How many times have you had problems with a thing you’ve purchased? Probably lots. The average person buys enough things in a month for the law of averages to kick in quite often and have something mysteriously break.
So what do we do? We get it fixed; everything has a warrantee. And while many companies’ warrantees behave differently, we can count on a certain level of consistency about the fact that, if we jump through all the hoops, they do in fact work.
How many times have you had an issue with the same store? Chances are you’ve had problems, but how often do you go back, in spite of problems in the past, and trust the same people with your money?
Yeah. Like you’re ever going to do that.
But why is there this disconnect? Well, for one things, policy never lies. It may be confusing, it may be tipped in favour of someone else, but it always behaves the same way. The problem with putting the same reliance on people is that they are people. People are, by nature, inconsistent. And no matter how deep our understanding of people and their foibles, there’s sometimes no predicting them.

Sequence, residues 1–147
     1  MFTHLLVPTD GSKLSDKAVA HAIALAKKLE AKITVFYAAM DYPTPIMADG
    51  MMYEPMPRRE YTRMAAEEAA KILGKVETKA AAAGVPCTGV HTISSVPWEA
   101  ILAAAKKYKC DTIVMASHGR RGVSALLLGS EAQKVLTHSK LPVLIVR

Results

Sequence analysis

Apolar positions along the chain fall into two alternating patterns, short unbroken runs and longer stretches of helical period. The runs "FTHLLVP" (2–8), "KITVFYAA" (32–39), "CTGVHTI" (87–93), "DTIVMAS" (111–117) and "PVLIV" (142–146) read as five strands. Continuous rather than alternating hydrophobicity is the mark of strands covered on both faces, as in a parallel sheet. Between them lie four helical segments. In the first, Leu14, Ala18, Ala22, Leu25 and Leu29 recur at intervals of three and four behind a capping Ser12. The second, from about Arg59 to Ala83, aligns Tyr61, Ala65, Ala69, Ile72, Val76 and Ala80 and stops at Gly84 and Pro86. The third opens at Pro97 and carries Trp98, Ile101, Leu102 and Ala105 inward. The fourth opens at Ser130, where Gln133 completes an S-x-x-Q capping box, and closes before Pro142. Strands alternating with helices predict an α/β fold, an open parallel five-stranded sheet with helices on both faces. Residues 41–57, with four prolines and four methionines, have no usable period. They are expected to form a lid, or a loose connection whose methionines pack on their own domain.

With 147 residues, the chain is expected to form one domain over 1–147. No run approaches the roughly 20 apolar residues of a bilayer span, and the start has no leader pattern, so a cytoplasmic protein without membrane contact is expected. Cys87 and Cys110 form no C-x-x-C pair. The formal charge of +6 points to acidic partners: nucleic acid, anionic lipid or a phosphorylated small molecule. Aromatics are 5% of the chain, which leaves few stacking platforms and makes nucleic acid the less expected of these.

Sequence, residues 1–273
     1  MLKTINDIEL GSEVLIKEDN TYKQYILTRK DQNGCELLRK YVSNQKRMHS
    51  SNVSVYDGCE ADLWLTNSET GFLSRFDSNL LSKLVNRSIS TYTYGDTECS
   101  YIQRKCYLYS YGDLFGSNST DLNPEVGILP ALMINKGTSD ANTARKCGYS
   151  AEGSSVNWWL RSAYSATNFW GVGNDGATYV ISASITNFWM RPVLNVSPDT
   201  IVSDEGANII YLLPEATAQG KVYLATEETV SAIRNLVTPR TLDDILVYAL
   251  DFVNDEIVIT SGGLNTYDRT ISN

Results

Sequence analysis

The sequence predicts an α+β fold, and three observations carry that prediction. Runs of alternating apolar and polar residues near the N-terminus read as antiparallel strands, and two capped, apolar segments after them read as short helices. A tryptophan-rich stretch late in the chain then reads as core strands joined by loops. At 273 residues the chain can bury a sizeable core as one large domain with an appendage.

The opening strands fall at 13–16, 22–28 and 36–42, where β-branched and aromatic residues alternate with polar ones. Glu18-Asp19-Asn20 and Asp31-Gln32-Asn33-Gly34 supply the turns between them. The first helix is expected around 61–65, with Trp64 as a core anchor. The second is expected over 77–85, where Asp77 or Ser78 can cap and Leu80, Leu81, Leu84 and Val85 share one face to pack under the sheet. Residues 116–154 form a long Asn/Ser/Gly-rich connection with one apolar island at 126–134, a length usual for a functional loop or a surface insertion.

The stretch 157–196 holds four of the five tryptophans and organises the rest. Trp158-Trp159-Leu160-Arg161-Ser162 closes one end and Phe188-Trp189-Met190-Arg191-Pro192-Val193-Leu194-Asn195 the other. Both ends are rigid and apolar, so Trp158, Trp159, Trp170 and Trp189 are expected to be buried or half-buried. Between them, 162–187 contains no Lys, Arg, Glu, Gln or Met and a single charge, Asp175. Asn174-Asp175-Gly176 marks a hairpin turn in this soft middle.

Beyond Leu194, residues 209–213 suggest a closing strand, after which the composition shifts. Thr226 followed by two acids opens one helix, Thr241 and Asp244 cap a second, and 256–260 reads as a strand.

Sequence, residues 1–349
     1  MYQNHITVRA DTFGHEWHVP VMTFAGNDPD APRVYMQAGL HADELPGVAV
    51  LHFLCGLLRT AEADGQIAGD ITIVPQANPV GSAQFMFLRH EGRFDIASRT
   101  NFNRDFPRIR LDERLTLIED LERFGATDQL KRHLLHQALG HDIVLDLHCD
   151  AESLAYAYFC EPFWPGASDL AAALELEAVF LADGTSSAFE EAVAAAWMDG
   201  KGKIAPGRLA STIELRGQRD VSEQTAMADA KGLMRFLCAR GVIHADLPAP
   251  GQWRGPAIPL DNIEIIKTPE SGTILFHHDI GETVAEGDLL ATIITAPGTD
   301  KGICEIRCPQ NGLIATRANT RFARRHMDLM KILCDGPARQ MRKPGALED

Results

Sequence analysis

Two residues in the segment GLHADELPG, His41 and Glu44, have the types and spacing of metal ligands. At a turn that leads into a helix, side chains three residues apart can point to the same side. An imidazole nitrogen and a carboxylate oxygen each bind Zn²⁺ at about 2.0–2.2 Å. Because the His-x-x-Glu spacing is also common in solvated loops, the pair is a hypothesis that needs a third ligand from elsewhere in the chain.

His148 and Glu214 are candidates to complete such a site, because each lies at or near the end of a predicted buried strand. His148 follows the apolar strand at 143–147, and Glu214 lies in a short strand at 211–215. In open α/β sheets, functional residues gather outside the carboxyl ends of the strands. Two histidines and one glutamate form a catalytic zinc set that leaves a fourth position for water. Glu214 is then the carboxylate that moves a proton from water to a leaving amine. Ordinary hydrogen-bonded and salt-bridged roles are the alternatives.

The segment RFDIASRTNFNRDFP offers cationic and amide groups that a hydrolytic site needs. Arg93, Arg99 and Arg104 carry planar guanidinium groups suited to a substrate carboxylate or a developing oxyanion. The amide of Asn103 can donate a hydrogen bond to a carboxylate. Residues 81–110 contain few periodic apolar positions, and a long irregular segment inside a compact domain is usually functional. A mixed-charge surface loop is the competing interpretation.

Why is this an important thing to know? For one thing, it’s worth knowing that people deserve a second chance. Mostly good people sometimes have bad days. Mostly bad people may have knowledge worth digging for. It’s the same dealing with businesses as it is dealing with everyone else.
Dealing with eratic people sucks. I’m not condoning willfulness on anyone’s part. But it’s worth the effort of finding out a reason for inconsistency rather than writing people and businesses off for having a bad day.
How do you get past these kinds of situations? As both a customer, or someone behind the counter? What can we do, what tools and approaches can we use to lessen the impact of these situations where, failing all attempts at logic, people simply will not give us what we want, even when we know they can?